Under capitalism, workers cannot choose what to produce, instead we must produce what capitalists tell us to. What capitalists decide to produce doesn’t depend on what is needed by humans, other animals, and the environment, it depends on what is profitable for them to produce.

(In case anyone is going to argue— yes, some of the things that capitalism produces are things we actually need. However, in many cases we don’t need something and they use marketing to convince us that we do.)

I really liked Wikipedia’s list of four ways that people are alienated. Here I have described them in my own words.

1 Workers are alienated from their products because we don’t choose what products we produce and we don’t own them. We don’t even choose how they are produced—the way we make them is determined by those who own the means of production. We are simply selling our labor and obeying orders, so we are not necessarily using our own creativity and inventiveness in creating things. The things we create don’t reflect ourselves, they reflect the owners.

2 Workers perform labor under a system of coercion. The only way we can survive is by selling our labor, and the way we labor is externally controlled. The labor we do has no intrinsic worth to us because it’s only being done for the wages we receive.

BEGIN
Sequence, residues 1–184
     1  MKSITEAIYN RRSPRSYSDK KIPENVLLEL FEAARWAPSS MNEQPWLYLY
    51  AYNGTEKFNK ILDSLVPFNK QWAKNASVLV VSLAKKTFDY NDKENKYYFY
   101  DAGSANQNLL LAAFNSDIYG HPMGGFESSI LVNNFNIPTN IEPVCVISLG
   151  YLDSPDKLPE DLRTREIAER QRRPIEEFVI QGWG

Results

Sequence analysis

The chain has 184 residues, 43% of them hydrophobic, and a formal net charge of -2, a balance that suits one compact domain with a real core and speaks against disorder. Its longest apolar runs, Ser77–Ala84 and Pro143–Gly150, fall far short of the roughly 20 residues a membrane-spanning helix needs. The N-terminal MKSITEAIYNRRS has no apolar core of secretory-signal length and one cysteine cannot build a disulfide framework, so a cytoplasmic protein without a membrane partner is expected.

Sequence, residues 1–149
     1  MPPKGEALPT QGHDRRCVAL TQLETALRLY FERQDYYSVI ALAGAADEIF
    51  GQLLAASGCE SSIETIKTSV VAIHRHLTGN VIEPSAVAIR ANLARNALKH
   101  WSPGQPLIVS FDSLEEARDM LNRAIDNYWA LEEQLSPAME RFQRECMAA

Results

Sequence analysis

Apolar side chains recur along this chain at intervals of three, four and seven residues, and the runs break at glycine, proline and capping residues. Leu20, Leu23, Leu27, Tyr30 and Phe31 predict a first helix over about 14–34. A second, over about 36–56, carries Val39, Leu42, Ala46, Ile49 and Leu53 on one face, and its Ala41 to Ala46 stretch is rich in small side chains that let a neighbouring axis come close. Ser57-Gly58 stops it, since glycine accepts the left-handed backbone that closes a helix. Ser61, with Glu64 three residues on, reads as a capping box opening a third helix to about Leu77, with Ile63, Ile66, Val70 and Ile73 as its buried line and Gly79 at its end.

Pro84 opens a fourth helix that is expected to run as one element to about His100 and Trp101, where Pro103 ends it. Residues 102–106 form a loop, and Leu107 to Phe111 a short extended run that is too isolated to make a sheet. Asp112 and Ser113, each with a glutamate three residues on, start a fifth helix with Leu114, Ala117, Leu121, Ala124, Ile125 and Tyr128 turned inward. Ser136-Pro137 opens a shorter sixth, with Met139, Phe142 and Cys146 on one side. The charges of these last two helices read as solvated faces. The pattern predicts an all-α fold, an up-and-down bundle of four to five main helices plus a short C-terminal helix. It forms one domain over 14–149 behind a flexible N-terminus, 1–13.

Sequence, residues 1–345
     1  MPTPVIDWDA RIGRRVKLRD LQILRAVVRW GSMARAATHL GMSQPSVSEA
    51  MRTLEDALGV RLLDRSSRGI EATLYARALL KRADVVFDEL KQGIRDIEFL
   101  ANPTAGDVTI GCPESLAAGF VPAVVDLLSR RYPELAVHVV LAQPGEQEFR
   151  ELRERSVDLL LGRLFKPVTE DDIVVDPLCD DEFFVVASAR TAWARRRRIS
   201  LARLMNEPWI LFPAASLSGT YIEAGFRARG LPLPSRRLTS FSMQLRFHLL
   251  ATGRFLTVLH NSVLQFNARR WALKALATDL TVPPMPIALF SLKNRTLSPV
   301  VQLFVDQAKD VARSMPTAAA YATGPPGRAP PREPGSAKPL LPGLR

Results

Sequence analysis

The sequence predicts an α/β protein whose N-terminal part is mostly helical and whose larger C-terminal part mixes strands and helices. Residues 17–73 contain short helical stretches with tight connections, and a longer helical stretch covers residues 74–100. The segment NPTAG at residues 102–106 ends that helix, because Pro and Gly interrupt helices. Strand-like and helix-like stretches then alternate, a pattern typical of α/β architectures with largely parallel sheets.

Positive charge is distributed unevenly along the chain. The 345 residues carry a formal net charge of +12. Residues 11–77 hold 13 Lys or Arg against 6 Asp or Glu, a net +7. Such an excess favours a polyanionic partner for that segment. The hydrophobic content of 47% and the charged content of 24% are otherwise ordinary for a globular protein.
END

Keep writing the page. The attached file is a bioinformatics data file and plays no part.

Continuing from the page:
3 The bit about Gattungswesen (species-essence) is a bit beyond my comprehension, but I’ll give it a shot. Humans are self-aware and conceive of ourselves as subjects and the things we produce as objects, while a non-human animal also engages in self-sustaining activities but without our level of awareness of itself as a subject. Since the objects we produce are reflections of ourselves, when we cannot produce objects of our own accord we are deprived of the ability to represent ourselves, and are thus deprived of our species-essence. (And if you want a better explanation, ask someone who knows Marxist theory better than I do!)

4 Workers are alienated from each other because we are trained to see ourselves as free agents in competition with each other instead of as teammates with common interests in a class struggle. (And I have to add my own comment here: when fake leftists insist that we have tons of free choice and agency, without actually doing anything in the real world to give us more power, what they’re doing is erasing the reality of class struggle and preventing us from eliminating oppression. They’re doing exactly the opposite of being a leftist—they are anti-left and pro-oppression.)

So let’s use an example to illustrate a point. Recently a friend of mine altered some clothes for me, and this experience gave me a concrete example of connection and disconnection to the act of production.

Workers who sew clothing for a living are alienated from the clothing they produce because they do not produce what they need to wear or even what their communities need to wear, they produce whatever their boss tells them to and the clothing they make is owned by their boss. It will get sold in other countries to people they will never meet and they will never earn the profit from it. They will only get small wages for their labor. The clothing they produce is not a reflection of who they are and is meaningless to them.